Opinion – Right to work: right to change policy now?

Kelly Hardman, solicitor with Fragomen, global immigration law firm

by Kelly Hardman, Edinburgh-based solicitor at global immigration law firm Fragomen

A REVISION to the UK Government’s right to work policy framework is causing bemusement among some businesses – primarily because it may be seen to override some of the safety principles behind the ongoing Covid-19 restrictions.

From May 17th this year, businesses across the UK will need to resume the practice of physically checking the documentation of new employees to confirm their right to work in this country.

As a temporary measure amid the pandemic constraints – specifically the requirements to work from home and avoid office environments whenever possible – it has been acceptable for employers/employees to complete this formal process over video calls, or via the Home Office’s Online Right to Work check platform (if the employee meets the requirements).

The Home Office earned plaudits for introducing this approach, which removed the obligation for businesses to subsequently repeat these checks with direct possession of the relevant paperwork.

Which makes their decision to revert now to the previous arrangements – requiring individuals either to meet their prospective new employers at their work locations, or to post their documentation to the business (if they don’t meet criteria for the online check) – all the more puzzling.

This adds several additional considerations including employees needing to go out of their way to make arrangements for important personal documents to be sent via secure/recorded delivery, as well as employers arranging return via a secure method. And, in the event a document gets misplaced/delayed in the postal system, the employee is potentially not going to be able to start work on time.

It means that every time a person – in particular UK nationals – starts in a new post, they will either need to go to the work location on, or shortly prior to day one to present their passport or send it ahead so the employer has physical possession of it for checking (whilst still needing the employee to join a video call).  For once UK immigration policy will have less of an impact on overseas workers, many of whom will have their right to work checked online, without a physical document.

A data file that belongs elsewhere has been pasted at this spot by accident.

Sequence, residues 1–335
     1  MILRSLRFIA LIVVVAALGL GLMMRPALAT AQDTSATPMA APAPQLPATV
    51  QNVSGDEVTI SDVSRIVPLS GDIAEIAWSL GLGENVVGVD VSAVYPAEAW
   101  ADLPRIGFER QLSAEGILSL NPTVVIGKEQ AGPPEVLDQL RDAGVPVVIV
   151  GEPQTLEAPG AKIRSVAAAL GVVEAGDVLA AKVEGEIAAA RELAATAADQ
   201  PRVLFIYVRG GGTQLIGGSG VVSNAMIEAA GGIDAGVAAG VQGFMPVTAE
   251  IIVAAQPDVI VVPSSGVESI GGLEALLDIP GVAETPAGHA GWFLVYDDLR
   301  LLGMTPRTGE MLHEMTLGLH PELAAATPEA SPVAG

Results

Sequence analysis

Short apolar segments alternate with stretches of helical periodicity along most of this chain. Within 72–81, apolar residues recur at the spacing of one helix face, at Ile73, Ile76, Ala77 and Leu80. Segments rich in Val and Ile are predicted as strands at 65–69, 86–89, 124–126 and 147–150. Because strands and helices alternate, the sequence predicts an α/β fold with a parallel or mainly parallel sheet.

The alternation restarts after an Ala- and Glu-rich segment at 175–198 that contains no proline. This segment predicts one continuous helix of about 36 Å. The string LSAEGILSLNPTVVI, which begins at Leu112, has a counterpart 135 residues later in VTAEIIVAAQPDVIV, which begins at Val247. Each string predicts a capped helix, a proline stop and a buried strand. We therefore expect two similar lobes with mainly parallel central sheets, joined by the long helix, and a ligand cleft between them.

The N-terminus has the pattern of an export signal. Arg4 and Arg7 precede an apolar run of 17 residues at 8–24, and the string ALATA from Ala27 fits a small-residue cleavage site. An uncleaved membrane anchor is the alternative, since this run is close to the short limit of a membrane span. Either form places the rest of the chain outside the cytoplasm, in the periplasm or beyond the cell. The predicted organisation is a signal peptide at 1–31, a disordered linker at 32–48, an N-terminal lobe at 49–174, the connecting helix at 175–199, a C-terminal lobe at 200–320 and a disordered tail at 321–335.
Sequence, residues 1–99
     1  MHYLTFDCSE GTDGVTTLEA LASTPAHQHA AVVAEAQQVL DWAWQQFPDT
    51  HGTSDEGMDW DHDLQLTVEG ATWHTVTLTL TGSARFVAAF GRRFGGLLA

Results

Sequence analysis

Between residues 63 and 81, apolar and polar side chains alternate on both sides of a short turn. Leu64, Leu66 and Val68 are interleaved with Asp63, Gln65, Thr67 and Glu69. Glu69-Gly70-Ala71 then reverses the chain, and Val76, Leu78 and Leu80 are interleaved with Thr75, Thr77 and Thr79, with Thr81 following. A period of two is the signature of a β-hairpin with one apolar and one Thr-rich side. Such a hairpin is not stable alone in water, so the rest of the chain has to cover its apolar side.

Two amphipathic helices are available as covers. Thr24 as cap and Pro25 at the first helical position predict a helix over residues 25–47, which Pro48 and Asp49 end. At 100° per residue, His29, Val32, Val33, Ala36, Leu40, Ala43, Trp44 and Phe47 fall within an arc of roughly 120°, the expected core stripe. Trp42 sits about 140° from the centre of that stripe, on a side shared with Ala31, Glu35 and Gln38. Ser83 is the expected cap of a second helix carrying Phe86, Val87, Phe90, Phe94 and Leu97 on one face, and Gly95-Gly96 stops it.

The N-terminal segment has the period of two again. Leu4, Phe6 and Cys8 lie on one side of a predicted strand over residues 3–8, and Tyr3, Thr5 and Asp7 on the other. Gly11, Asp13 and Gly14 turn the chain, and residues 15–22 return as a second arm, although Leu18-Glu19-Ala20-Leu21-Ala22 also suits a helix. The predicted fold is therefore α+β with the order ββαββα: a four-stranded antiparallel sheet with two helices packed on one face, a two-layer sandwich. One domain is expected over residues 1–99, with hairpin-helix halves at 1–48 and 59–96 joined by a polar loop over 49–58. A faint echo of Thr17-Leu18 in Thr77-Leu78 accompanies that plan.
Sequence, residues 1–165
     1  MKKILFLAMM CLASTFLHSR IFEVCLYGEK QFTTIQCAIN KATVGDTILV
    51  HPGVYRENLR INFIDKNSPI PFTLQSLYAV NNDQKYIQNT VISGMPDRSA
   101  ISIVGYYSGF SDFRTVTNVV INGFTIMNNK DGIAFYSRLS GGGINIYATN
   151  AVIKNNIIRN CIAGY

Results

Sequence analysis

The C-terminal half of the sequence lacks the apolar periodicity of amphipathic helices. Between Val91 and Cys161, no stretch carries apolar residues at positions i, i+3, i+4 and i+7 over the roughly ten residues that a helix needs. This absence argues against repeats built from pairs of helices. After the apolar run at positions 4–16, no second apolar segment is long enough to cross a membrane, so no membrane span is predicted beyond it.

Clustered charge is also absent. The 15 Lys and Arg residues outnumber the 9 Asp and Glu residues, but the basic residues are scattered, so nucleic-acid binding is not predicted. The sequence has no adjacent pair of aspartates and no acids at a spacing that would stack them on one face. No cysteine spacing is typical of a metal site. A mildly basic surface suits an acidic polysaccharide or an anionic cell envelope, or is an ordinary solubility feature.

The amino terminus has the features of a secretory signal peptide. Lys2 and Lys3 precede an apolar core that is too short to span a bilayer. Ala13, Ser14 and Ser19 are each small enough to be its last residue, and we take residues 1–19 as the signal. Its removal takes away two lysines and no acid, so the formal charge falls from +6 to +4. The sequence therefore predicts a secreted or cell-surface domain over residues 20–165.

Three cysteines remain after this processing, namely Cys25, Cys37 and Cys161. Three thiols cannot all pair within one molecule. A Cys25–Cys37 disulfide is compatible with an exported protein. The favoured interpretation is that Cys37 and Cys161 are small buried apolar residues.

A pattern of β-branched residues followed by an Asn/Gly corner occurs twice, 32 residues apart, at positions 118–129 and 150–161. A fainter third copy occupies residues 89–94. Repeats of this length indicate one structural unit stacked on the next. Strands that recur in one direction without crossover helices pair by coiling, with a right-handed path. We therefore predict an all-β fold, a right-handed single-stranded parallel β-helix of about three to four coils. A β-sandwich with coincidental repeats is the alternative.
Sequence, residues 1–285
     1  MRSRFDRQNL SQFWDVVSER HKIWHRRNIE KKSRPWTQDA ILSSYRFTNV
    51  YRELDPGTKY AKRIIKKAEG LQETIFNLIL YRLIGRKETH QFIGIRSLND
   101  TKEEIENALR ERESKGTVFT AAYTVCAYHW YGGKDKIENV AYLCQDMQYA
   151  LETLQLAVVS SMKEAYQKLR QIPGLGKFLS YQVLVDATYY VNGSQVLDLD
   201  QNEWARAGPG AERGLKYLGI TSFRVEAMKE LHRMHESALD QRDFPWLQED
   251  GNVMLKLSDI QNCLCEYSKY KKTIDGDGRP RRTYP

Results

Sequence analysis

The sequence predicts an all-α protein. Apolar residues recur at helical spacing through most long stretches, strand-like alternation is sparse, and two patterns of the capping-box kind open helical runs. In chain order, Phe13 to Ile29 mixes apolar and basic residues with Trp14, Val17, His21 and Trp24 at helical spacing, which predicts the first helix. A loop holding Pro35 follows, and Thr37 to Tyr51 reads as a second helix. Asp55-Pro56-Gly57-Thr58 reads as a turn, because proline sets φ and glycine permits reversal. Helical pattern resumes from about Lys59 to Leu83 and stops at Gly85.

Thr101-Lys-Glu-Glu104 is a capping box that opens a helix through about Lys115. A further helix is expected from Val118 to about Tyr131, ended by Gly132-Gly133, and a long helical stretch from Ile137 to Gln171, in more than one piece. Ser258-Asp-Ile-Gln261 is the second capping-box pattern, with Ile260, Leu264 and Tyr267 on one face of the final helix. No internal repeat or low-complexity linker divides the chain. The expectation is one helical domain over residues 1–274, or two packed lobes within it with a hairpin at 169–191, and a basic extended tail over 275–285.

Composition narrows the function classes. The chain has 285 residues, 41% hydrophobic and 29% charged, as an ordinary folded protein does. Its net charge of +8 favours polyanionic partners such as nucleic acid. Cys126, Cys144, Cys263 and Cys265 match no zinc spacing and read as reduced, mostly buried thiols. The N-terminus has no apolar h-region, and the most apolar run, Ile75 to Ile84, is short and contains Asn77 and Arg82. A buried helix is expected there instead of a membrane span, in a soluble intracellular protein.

The Government presumably chose May 17th as the reversion date because that is when Stage 3 of the easing of the lockdown restrictions goes live in England (it’s also the date when the rules are due to be further eased in Scotland).

In any event, the timing is out of step with the plans of many employers who are not planning to reopen offices until the autumn.

The update is creating confusion and is putting pressure on companies to find a solution to ensure they remain compliant – this being a time of year when many big companies have large intakes of interns and graduates. For those who are making the effort to get these incoming groups an in-office experience, they are having to contemplate front-loading right-to-work checks earlier than planned so that they fall within the pre-May 17th requirements.

Put simply, it means people may be unnecessarily exposed to Covid transmission at in-person meetings or in the sharing of physical documents – it is also prompting many companies to reconsider their remobilisation plans to ensure the staff responsible for right to work checks are willing to be physically present; if they’re not, it raises challenges associated with re-training others in a very short period of time.

The change, incidentally, would likely impact UK nationals to a greater extent – many overseas people will hold Biometric Residence Permits or status under the EU Settlement Scheme, allowing them to complete right to work checks without the employer seeing their physical document. 

What makes the decision perplexing for some is that it’s inconsistent with Government policy on working from home meantime if possible and presents an avoidable risk of increasing covid transmission. 

The Home Office is in danger of losing some of the goodwill it earned for its flexible approach to this issue at the outset of the pandemic. Will they have a last-minute policy rethink, deferring implementation of this decision at least until people are back in the workplace?

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